Oh boy, here we go again with the markets reacting to yet another proclamation and/or request for increasing the dollar value of tariffs on China. The news came after a strong U.S. equity market performance Thursday, after the market closed. President Donald Trump said he has instructed the United States Trade Representative to consider $100 billion in additional tariffs against China. The current tariffs proposed on China and according to Bloomberg are shown in the table below:
“In light of China’s unfair retaliation, I have instructed the USTR to consider whether $100 billion of additional tariffs would be appropriate under section 301 and, if so, to identify the products upon which to impose such tariffs,” Trump said in a statement.
The United States is still prepared to have discussions in further support of our commitment to achieving free, fair, and reciprocal trade and to protect the technology and intellectual property of American companies and American people,” Trump said in a statement.”
The S&P 500’s 3-day rally that ended yesterday with a thud in the after hours, as equity futures tumbled in response to the latest trade war rhetoric, is now in jeopardy of reversing to some degree. While White House officials continue with an attempt to level set tariff proclamation rhetoric aimed at China, the President continues to elevate the subject matter, and equity markets react in quick order. Having said that and in the wake of the latest elevated verbiage, the Hang Seng finished its overnight session higher by greater than 1% to 29,844.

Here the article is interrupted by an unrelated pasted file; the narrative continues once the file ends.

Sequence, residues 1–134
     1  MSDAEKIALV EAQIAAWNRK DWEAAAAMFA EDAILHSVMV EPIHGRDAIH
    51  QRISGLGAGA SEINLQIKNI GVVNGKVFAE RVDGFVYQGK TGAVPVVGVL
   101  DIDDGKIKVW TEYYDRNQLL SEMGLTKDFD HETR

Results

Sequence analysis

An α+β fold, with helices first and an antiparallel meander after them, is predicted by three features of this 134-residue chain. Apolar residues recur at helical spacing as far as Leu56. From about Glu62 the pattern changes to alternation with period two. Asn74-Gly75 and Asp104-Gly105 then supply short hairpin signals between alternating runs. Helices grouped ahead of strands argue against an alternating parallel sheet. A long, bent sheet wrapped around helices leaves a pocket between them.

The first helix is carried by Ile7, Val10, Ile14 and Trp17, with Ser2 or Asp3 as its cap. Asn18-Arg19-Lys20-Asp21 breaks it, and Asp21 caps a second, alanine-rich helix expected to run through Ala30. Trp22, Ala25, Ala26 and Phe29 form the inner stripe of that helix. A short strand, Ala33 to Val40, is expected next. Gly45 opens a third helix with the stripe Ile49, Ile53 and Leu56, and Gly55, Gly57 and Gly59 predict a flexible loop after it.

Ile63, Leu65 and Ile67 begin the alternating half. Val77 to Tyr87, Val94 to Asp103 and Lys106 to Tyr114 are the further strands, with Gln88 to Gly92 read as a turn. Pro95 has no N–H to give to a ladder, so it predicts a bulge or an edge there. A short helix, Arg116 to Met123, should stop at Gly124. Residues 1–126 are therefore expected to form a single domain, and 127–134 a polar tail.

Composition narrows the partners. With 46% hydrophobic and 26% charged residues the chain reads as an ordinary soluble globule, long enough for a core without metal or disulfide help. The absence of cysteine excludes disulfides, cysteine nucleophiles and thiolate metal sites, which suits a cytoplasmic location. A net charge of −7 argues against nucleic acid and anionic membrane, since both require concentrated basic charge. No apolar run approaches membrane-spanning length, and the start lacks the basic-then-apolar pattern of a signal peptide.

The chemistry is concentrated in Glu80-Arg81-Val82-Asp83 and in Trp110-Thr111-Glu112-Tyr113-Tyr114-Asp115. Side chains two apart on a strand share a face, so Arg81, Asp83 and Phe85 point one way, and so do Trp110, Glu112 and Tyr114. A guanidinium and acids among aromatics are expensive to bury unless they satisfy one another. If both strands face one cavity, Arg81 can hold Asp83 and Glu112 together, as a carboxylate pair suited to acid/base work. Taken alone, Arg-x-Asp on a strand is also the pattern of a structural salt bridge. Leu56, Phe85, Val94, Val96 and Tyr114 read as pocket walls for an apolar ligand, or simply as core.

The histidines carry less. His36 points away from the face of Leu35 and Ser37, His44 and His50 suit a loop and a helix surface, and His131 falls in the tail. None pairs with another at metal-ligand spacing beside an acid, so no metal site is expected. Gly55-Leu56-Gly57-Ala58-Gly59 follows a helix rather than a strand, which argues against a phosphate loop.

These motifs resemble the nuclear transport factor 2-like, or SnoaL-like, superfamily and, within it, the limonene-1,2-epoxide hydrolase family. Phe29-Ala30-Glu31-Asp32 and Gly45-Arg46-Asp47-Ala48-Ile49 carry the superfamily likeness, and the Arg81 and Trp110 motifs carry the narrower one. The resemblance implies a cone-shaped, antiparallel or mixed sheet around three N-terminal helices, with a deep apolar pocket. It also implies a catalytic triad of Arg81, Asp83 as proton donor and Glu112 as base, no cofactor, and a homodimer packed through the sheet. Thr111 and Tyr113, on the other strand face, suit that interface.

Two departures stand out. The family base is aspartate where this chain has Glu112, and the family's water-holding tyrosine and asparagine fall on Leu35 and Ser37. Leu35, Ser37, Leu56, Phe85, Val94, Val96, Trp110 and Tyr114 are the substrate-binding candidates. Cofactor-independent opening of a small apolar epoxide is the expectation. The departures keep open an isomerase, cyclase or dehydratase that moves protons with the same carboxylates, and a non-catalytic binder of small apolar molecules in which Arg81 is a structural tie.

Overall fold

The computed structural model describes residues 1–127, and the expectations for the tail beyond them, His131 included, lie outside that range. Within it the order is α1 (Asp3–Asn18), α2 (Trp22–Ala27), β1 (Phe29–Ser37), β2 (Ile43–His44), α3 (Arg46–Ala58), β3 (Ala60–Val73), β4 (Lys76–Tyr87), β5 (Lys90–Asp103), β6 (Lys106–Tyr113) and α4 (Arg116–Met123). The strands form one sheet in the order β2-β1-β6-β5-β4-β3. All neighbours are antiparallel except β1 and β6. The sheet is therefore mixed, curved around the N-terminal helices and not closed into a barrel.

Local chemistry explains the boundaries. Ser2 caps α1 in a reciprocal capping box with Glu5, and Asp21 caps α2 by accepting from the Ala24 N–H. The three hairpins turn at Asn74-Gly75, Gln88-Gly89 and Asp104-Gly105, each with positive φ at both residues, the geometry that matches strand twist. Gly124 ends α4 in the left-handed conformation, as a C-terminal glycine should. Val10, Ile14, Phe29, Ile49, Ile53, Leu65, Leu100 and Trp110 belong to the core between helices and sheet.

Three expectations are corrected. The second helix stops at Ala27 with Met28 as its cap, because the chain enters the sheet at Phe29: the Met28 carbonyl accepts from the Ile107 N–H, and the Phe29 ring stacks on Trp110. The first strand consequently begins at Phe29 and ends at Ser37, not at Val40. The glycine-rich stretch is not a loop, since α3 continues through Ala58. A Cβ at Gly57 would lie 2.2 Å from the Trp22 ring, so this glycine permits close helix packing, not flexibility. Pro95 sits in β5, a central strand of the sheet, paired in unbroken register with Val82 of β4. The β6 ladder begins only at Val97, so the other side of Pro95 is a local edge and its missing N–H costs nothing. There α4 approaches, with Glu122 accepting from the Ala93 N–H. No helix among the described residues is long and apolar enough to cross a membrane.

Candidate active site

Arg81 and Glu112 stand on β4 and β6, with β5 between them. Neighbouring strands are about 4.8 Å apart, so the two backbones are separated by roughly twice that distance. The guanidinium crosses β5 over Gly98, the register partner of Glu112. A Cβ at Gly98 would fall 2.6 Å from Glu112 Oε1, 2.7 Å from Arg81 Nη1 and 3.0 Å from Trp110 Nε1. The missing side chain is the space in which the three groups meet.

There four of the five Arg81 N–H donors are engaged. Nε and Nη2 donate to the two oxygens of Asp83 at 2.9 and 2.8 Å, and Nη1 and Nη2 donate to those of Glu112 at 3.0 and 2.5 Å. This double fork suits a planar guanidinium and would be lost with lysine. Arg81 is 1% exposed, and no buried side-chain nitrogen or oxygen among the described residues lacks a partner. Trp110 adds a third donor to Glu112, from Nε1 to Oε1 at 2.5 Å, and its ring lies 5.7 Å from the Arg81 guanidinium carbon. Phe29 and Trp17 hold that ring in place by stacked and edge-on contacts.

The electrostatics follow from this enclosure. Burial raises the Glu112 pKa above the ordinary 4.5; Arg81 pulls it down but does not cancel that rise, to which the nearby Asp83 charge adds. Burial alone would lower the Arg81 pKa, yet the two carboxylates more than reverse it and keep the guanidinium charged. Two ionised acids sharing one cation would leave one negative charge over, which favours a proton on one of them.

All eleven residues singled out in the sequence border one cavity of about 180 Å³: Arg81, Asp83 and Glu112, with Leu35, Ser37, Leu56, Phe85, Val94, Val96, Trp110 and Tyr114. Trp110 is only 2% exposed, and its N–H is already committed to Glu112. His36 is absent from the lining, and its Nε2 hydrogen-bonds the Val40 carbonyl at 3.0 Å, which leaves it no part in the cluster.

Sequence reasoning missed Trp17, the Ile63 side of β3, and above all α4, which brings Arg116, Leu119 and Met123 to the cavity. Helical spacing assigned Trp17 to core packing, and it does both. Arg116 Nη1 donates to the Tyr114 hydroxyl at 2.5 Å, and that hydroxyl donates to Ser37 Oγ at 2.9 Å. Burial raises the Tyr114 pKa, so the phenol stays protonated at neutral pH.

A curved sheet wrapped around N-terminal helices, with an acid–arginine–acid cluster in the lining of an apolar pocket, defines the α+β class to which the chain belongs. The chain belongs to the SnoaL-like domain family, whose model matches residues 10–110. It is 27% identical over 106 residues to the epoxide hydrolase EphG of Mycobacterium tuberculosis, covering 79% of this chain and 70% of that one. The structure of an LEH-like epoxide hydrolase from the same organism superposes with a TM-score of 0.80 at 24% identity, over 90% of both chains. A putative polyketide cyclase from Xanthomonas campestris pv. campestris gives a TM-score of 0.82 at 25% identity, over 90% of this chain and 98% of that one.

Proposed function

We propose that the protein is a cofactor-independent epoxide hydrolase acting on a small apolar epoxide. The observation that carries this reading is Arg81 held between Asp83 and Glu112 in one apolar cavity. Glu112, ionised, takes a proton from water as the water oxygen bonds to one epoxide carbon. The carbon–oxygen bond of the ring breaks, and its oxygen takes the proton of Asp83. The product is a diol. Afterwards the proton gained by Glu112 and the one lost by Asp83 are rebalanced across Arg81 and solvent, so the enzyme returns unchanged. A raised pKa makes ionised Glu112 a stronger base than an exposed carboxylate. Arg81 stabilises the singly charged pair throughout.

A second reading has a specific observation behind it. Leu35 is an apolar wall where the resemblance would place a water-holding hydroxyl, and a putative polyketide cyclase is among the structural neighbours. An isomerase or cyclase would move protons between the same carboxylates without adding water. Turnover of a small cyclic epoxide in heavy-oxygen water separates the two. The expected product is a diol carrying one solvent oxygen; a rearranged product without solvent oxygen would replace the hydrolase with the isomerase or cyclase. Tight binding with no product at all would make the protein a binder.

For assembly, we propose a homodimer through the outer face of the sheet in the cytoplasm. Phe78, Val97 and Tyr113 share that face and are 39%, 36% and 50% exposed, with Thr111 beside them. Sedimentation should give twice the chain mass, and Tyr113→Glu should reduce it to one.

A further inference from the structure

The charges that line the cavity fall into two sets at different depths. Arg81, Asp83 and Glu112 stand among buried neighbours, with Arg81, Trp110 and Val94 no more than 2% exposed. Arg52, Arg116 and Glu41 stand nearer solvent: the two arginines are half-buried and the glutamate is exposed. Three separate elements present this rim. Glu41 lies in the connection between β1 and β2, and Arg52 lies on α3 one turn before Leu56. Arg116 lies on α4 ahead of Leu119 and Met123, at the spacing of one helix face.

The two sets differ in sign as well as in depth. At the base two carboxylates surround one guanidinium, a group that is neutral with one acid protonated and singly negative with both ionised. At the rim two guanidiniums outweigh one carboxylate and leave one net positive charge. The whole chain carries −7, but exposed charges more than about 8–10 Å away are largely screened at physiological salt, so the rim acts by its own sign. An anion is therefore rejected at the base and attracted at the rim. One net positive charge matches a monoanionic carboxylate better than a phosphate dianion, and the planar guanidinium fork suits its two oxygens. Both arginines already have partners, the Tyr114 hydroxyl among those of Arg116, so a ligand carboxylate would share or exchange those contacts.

One would be hard pressed to find support for the proclaimed tariffs, even if in principle and in response to illegal and unethical trade practices have gone without a response to China for decades. A trade war between the U.S. and China represents the greatest threat to the world economy, the chairman of J.P. Morgan Chase International said on Friday.
“I think it’s the greatest danger today to the world economy,” Jacob Frenkel told CNBC’s Steve Sedgwick at the European House Ambrosetti Forum when asked about the rapidly mounting import tariffs being proposed by the Trump administration and Beijing.
“It’s still not a trade war — I would say there were some skirmishes, and there are skirmishes,” Frenkel said. “I think we should all remember the disaster of 1931 — always good intentions, to protect American jobs, and the result was a catalyst to the Great Depression. We should avoid it at all costs.”
Now that the update concerning the U.S.-China trade dispute is out of the way…but I kid, I kid. Markets will likely continue to contend with the issue through the Friday trading session with bouts of fits and starts. The macro-factor that has become an ongoing sage between the two titanic nations will likely continue to loom large amongst investors for weeks to come, even as the effects of the subject matter numb with time.
“According to a CNBC article, J.P. Morgan US equity strategist Dubravko Lakos-Bujas stated in a note that markets are overreacting to the macro trends and most of this reaction is technical in nature and has nothing to do with fundamentals. He stated that fundamental long-term investors should consider this sell-off as an opportunity to buy at the dip.”